TORI AMOS: from the choirgirl hotel (Atlantic)
For her fourth album, Tori Amos decided to try something new. She figured she had taken the 'girl and her piano' bit about as far as she could, and went into the studio (and now out on the road) with a full band. The CD was recorded in a 200-year-old barn in England, which had been converted into a state of the art recording studio. While the results are mixed, she's come away with a fresh new sound that, for the most part, works quite well. The songs don't seem to be as interconnected or dependent upon each other, as they were on previous albums.
One thing Tori's never had to worry about was sounding too commercial, and from the choirgirl hotel is no exception. The CD starts with "Spark," the first single. Debuted before its release on late night television here in the US, the song comes across much better in the studio than it did onstage. The strangeness fans come to expect on a Tori Amos record kicks in early with "Cruel," one of the CD's highlights. Impeccably recorded, there are plenty of different things going on throughout the tune to keep your interest.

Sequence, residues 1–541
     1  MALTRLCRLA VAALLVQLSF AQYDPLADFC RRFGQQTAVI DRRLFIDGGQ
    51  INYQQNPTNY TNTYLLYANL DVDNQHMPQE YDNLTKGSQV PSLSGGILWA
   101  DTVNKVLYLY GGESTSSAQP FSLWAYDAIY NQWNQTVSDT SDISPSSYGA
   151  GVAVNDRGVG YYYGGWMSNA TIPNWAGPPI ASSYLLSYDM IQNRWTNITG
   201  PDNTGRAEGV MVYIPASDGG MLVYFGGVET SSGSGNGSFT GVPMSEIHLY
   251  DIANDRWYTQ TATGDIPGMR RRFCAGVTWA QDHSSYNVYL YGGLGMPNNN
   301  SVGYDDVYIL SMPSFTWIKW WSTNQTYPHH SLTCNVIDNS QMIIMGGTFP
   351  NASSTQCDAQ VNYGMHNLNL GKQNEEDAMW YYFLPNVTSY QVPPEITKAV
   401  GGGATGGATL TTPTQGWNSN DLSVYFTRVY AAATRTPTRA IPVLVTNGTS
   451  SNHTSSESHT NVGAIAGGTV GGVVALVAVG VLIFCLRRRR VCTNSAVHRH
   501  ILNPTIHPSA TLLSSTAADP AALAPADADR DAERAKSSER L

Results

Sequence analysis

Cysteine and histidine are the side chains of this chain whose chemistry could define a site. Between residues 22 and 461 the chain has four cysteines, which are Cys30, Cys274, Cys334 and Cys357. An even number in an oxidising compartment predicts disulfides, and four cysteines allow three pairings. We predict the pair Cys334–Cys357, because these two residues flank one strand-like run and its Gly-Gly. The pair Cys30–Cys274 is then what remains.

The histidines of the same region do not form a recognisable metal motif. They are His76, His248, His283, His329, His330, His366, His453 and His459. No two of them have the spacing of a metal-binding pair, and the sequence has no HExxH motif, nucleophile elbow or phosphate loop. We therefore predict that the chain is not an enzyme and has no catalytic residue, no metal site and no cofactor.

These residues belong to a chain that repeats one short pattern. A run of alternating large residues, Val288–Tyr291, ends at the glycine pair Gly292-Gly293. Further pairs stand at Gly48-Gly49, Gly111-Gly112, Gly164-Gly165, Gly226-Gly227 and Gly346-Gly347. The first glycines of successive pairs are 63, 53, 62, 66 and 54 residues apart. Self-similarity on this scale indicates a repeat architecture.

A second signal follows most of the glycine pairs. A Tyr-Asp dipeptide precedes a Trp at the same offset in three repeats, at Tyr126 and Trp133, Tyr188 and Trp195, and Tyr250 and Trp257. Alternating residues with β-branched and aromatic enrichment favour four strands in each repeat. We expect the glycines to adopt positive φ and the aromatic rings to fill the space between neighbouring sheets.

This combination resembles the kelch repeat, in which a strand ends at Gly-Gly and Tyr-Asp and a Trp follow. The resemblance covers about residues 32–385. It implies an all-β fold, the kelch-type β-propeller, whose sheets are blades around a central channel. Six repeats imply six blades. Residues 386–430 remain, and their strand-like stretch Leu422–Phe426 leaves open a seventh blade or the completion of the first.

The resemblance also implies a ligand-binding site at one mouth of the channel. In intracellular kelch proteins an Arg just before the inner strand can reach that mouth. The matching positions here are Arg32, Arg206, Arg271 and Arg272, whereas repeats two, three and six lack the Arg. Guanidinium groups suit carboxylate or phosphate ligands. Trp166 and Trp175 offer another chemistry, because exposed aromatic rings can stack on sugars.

"Raspberry Swirl" is one of the best things she's ever recorded. Whether intentionally or not, Amos' music has shown a bit of a Kate Bush influence and this tune is a prime example. Another highlight is "Liquid Diamonds;" a sultry, understated tune with great percussion. Tori gets strange again on "She's Your Cocaine," this time with a Lennon-esque guitar riff. "Northern Lad" is a sad, straightforward ballad, and about as commercial sounding as she gets.
"Hotel" is just the opposite--a synth driven tune that gets her right back into strangeness again. Toward the end of "Pandora's Aquarium," Amos shows exactly what she's capable of doing vocally. With her latest CD, Tori Amos proves she's not just another 'kooky' artist that the pubescent girls scream for, but rather a real musician with real talents. from the choirgirl hotel is a fine effort from an artist who is not only willing to try something new, but one who is able to make it work.
|© 1998 Steve Marshall|